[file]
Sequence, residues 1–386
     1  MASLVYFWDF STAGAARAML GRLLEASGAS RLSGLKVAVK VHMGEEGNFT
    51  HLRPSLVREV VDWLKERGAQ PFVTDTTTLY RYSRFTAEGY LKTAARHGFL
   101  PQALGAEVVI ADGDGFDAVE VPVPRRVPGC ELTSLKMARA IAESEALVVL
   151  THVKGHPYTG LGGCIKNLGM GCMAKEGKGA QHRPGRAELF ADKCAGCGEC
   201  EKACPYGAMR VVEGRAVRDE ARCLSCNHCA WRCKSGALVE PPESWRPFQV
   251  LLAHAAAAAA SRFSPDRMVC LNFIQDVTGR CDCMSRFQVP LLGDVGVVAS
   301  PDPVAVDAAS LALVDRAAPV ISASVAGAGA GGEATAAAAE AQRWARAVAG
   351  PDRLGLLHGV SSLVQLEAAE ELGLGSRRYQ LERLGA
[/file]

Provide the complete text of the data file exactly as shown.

Sequence, residues 1–386
     1  MASLVYFWDF STAGAARAML GRLLEASGAS RLSGLKVAVK VHMGEEGNFT
    51  HLRPSLVREV VDWLKERGAQ PFVTDTTTLY RYSRFTAEGY LKTAARHGFL
   101  PQALGAEVVI ADGDGFDAVE VPVPRRVPGC ELTSLKMARA IAESEALVVL
   151  THVKGHPYTG LGGCIKNLGM GCMAKEGKGA QHRPGRAELF ADKCAGCGEC
   201  EKACPYGAMR VVEGRAVRDE ARCLSCNHCA WRCKSGALVE PPESWRPFQV
   251  LLAHAAAAAA SRFSPDRMVC LNFIQDVTGR CDCMSRFQVP LLGDVGVVAS
   301  PDPVAVDAAS LALVDRAAPV ISASVAGAGA GGEATAAAAE AQRWARAVAG
   351  PDRLGLLHGV SSLVQLEAAE ELGLGSRRYQ LERLGA